1st Place Winner H. R. Yablon, 2nd Place Winner Adi Blotman, and 3rd Place Winner Kurt Hohenstein

After receiving two months of 1-on-1 mentoring by a Writers’ Program screenwriting instructor as part of their prize, our feature film competition finalists have been named! The Writers’ Program officially congratulates 1st Place Winner, H. R. Yablon, for The Good Cancer, 2nd Place Winner, Adi Blotman, for Reality Check, and 3rd Place Winner, Kurt Hohenstein, for Triangle.

This week, an ad featuring all three winners will appear in the October 24th issue of The Hollywood Reporter, and soon thereafter, their contact and project information will be mailed to over a thousand entertainment industry executives via newsletter. In addition, they’ll each receive a cash prize of $1000, $500, $250 (respectively). Read on to learn more about our finalists and their winning stories!

Writers’ Program: What is your script about and what was your inspiration behind writing it?

H. R. Yablon: My script is about a young man who, in a moment of desperation, lies about having cancer. There are quite a few factors that inspired this script. On a general level, I have always been fascinated by stories that explore a situation in which a person does something despicable but who is not a despicable person.

Adi Blotman: My script is about a woman who hates her life. She hasn’t really achieved anything at 32 and lives in constant regret. She signs up for a secret study, where she gets to travel into parallel universes, allowing her to experience what her life would have been like if she made different choices. I’ve made a lot of big leaps in my life, and while I am not consumed with regret, I think a lot about how different my life could have been if I didn’t make the choices I made. I think it’s something every person thinks about from time to time.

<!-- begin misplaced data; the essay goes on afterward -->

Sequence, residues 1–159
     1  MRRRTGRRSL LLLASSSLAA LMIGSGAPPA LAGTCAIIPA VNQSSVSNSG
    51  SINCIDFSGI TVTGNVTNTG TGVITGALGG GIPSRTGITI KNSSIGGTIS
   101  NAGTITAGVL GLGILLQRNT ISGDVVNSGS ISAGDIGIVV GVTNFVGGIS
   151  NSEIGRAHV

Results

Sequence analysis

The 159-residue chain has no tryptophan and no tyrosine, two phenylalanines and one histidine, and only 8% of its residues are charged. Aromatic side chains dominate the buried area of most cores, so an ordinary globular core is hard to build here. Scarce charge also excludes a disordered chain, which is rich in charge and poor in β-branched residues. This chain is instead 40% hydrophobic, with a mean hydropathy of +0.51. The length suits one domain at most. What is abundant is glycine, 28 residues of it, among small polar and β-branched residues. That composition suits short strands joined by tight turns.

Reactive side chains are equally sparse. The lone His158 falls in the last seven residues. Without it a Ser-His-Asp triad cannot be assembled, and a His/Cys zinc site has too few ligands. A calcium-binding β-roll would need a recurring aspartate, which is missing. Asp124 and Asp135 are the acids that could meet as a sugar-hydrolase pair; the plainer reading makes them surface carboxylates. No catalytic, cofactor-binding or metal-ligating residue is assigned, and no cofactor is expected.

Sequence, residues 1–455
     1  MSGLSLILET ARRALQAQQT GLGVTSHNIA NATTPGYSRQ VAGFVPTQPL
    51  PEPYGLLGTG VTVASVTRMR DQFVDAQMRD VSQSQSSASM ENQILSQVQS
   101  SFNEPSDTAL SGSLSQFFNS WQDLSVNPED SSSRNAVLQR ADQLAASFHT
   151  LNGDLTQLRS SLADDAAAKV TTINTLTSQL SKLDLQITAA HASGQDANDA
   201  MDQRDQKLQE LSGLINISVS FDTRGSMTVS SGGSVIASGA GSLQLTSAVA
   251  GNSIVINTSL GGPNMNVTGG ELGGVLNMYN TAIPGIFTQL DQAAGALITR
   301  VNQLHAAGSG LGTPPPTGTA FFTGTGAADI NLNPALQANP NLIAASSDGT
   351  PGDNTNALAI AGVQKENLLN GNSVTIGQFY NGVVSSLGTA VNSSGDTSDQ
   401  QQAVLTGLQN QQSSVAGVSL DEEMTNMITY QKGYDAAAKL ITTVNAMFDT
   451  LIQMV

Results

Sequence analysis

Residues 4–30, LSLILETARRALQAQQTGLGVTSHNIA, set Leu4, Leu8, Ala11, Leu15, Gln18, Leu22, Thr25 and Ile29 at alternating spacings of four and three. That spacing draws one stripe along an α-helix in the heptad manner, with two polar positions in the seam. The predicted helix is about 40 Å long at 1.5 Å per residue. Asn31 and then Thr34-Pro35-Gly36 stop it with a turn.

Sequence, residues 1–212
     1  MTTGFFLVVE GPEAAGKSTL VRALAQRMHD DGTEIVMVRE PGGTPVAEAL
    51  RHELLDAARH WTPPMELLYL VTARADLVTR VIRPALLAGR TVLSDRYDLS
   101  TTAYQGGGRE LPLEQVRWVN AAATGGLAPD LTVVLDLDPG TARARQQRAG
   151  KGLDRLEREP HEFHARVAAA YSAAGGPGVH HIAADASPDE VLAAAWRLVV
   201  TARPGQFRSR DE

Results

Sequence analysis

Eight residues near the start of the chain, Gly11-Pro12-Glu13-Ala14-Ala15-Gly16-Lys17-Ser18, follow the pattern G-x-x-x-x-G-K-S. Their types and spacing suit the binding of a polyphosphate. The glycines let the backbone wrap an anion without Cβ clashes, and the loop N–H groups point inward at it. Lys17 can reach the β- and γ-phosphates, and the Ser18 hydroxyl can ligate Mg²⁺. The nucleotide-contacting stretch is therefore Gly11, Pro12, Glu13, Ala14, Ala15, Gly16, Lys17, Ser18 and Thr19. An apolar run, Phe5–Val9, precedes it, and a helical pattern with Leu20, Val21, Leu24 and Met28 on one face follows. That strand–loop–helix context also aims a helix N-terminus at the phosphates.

Kurt Hohenstein: The struggle by young immigrants against the sweatshop system in 1911 New York inspired me to write Triangle. The story of their fight for economic justice is not unlike what many people face today. I wanted to dramatize their emotional stories of tragedy and triumph to connect a broader audience possible on the big screen.

Wp’: What (or who) was your most influential course or instructor in the Writers’ Program?

HY: Every class with Michael Weiss was terrific. I developed this project in “Writing the First Screenplay I” which is a course for people who have never written a screenplay. We focused on outlining, story and structure. Michael is a truly gifted and just wonderful teacher. On the first day of class, he told us bluntly that this was not film theory. We would not be talking about The Bicycle Thief or Chinatown. We would be talking about Slumdog Millionaire, The King’s Speech, and The Hangover. What he meant was that if we were serious about wanting to become professional screenwriters (i.e. get paid to write), then we would need to focus on contemporary movies and learn how to write in current times.

AB: Andy Guerdat is one of the best teachers I’ve had in my life. I still quote him constantly. When he talks about screenwriting, you can feel his passion and love for the craft, and it infects everyone around him in the best way. He helped me become a much better writer and I still keep in touch with him. Also my mentor [for the competition], Cindy Davis, was absolutely brilliant. Her notes were so insightful and intelligent, and helped transform my screenplay into a much richer and better story.

KH: The best aspect of the program is how interactive the faculty is with each student, and the great critique and advice students learning the craft of screenwriting get from both faculty and other students. My [competition] mentor, Barney Lichtenstein, spent hours with me, improving the drama among my characters in Triangle.

Wp’: What do you aim to do next after winning the competition?

HY: Finish writing my next feature and develop my television show.

AB: I’m currently writing my second feature film (also a comedy) and my second original 30 minute comedy pilot. I’m also working with a director on a short comedy film I wrote, which I will also be acting in and producing. I love comedy more than anything, and I just want to keep making it.

KH: I am currently writing a historical drama about a 20th century progressive movement to remove “defectives” from the human gene pool that resulted in the forced sterilization of tens of thousands of unsuspecting Americans.

Wp’: Glad to hear everyone’s still writing! Thank you and good luck in the coming weeks as we help promote you and the rest of our competition winners!

For more information on our annual screenwriting competitions, or to see a list of semifinalists and past winners, please click here.

Jeff Bonnett is the Program Assistant for Screenwriting (Onsite & Online). Contact him at jbonnett@uclaextension.edu or (310) 206-1542

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